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post #1 of (permalink) Old 12-23-2013, 10:03 PM Thread Starter
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Dauntless V6

Hello, i have been rewiring my 68 CJ5 has a 225 Buick V6. My 2 questions, 1 is i have a fitting directly behind the carb. All the fitting had attached to it was a small rubber line. What is it? 2 is that from my ignition switch a wire goes to a ballast resistor and then to coil. Can i do without the resistor and how, Pros and Cons Thank you
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post #2 of (permalink) Old 12-24-2013, 12:40 PM
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If your ignition came with a ballast resistor it will work without it, but not for very long. The ignition system is designed to run on about 11 volts. The resistor cuts down the running voltage from 14.5 to the designed-for voltage. There's a terminal on the starter solenoid that supplies direct battery voltage to the ignition system, bypassing the resistor, when the engine is cranking and the battery voltage is pulled down by the load. If you bypass the resistor and feed running voltage to the ignition system the balance between the coil and the condenser is changed, and the points burn out quickly.

As for what you might have on the back of the carb, if it's down near the bottom of the carb it's probably for the vacuum advance. I can't think of anything else that a '68 would have such a fitting for. Some carbs had a large fitting for a 3/8" or 1/2" hose to feed the brake booster, but more commonly in that era they plumbed a fitting directly into the intake manifold.

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post #3 of (permalink) Old 12-24-2013, 09:35 PM Thread Starter
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Thanks, and i meant to say the fitting is on top of intake directly behind carb. As for a brake booster, all i have is a brake resorvior attached to the pedal. which i am still trying to figure out.
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post #4 of (permalink) Old 12-24-2013, 09:57 PM
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Is it a brake booster?

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post #5 of (permalink) Old 12-24-2013, 10:04 PM Thread Starter
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Well I'm not sure, i think its what they call a single reservoir. All my lines are attached to it and a rod is hooked to brake pedal. The fitting looks like a fitting you use to air up a basketball but a little bit bigger.
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post #6 of (permalink) Old 12-25-2013, 02:53 PM
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Do you mean a single reservoir brake master cylinder? One reservoir of brake fluid and one tube coming off that gets split up and goes to all the wheel cylinders?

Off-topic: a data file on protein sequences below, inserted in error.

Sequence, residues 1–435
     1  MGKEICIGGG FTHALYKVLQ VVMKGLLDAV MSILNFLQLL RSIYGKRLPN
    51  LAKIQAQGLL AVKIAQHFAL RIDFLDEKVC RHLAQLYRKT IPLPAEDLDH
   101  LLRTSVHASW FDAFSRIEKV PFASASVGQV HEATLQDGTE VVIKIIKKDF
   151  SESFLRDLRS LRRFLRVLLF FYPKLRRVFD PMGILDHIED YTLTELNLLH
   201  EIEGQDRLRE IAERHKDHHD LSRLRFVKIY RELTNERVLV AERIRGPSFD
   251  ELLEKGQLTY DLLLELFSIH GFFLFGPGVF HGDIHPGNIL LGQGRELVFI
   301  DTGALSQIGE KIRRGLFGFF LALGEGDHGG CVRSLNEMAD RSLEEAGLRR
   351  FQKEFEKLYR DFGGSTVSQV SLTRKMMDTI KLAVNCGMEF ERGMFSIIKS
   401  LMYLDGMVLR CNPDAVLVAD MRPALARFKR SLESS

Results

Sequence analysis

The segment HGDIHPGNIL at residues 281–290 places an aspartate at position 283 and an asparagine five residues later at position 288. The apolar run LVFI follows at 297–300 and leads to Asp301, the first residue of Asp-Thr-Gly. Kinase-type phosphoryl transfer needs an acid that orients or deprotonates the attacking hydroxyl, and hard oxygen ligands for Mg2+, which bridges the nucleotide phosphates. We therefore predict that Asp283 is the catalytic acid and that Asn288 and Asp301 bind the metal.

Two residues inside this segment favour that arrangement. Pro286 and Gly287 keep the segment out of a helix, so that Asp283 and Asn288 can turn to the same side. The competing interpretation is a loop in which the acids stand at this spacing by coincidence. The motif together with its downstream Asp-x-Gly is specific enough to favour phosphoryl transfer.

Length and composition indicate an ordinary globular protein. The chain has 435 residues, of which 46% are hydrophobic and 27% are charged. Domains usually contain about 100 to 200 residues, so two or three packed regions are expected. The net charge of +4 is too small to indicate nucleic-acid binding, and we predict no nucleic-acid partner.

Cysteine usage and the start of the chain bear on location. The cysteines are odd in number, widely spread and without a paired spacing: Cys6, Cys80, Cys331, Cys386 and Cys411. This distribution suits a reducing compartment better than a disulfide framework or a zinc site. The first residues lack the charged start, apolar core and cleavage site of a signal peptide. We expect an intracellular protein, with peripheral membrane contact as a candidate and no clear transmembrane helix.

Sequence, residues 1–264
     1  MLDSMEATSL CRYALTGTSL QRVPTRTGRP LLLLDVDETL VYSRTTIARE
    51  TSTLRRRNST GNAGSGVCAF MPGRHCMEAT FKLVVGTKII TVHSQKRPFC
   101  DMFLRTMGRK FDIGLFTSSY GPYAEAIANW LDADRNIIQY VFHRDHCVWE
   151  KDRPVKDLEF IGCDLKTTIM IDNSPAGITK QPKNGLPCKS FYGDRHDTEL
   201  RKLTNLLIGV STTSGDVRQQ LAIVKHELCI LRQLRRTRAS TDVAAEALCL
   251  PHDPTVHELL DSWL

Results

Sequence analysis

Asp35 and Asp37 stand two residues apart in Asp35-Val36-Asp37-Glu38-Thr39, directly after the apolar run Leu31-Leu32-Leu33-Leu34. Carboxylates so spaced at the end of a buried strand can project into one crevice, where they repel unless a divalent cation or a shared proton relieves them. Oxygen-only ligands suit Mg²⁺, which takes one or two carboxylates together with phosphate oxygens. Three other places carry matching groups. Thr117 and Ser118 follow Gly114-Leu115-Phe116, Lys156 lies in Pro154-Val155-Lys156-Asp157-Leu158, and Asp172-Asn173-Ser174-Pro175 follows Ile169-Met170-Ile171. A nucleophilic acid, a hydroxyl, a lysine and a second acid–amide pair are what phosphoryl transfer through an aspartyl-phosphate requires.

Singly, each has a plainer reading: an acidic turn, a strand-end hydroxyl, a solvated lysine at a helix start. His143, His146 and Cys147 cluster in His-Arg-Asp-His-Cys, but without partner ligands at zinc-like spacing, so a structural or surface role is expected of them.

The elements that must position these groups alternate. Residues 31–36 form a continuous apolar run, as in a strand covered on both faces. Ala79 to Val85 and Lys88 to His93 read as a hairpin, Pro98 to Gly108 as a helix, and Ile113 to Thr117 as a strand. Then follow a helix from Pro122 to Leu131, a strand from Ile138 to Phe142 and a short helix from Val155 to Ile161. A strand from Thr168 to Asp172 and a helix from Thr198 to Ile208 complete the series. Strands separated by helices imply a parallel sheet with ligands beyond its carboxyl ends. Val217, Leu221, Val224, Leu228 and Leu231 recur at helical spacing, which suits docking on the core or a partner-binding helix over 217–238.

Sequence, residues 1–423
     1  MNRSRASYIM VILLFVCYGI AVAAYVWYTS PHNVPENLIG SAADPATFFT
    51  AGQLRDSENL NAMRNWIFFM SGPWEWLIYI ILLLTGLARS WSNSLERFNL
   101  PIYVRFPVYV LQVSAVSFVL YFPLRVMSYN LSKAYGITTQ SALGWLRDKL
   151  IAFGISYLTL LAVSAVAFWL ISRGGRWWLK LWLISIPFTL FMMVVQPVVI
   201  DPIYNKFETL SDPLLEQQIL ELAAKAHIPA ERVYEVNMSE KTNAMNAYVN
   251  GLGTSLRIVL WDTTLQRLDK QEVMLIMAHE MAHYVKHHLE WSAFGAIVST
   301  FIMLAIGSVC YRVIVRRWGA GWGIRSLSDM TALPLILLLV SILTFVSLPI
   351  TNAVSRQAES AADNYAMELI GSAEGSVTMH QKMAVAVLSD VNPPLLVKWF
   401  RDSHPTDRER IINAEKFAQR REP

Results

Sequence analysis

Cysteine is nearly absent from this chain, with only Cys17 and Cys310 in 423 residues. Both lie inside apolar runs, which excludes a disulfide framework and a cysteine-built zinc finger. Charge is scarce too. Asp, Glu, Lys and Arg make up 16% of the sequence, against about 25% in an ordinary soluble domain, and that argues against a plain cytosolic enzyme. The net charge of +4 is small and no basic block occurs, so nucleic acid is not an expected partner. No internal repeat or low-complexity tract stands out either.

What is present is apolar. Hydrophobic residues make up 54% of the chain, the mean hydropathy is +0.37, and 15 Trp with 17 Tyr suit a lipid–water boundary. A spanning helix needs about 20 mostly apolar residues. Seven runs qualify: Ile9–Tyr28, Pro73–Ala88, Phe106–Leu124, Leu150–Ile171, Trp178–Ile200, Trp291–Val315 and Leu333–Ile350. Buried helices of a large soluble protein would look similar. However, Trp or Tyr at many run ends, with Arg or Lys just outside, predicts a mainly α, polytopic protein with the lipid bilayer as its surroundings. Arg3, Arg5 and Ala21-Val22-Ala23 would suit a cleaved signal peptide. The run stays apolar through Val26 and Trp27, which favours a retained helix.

The fitting on the carb is probably for the vacuum advance. From the time vacuum advance was invented they used a metal tube to carry the vacuum signal to the distributor vacuum advance diaphragm. My '57 Chevy had a metal tube, and I think my '64 Jeep had a metal tube. My '78 Jeep had rubber hose. I can't recall when the manufacturers started using a rubber hose, but either will work.

The vacuum advance is strictly a fuel economy device. The engine will run fine without it, but use more gas under light load conditions. Just don't leave that fitting on the carb open - it will suck dust into the engine, and make the mixture leaner than it should be.

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post #7 of (permalink) Old 12-25-2013, 08:27 PM Thread Starter
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Yes it is like you explained, so it must be a single reservoir brake master cylinder. with drums brakes all around that i think need some work cause it dont stop very quick.


Also that fitting, could i just put a plug in it or what would be the best option. Its got a plug on the back of the carb if that is where it use to go to.

Again thanks a bunch for your help.
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post #8 of (permalink) Old 12-25-2013, 08:31 PM Thread Starter
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Also forget to tell you, i am from Mattoon, IL. 30 Min south of Champaign.
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post #9 of (permalink) Old 12-26-2013, 02:36 PM
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Does the distributor have a vacuum advance diaphragm? If so you might as well connect it up. Otherwise, yeah, plug the port.

I know where Mattoon is - I've gone through it many times on the way to Champaign. And for the last bunch of years, gone by on the way to the Bash in Indiana.

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post #10 of (permalink) Old 12-26-2013, 09:22 PM Thread Starter
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I think I found the diaphragm. It already was attached to carburetor. I put some pictures on here, hopefully you can see the fitting.
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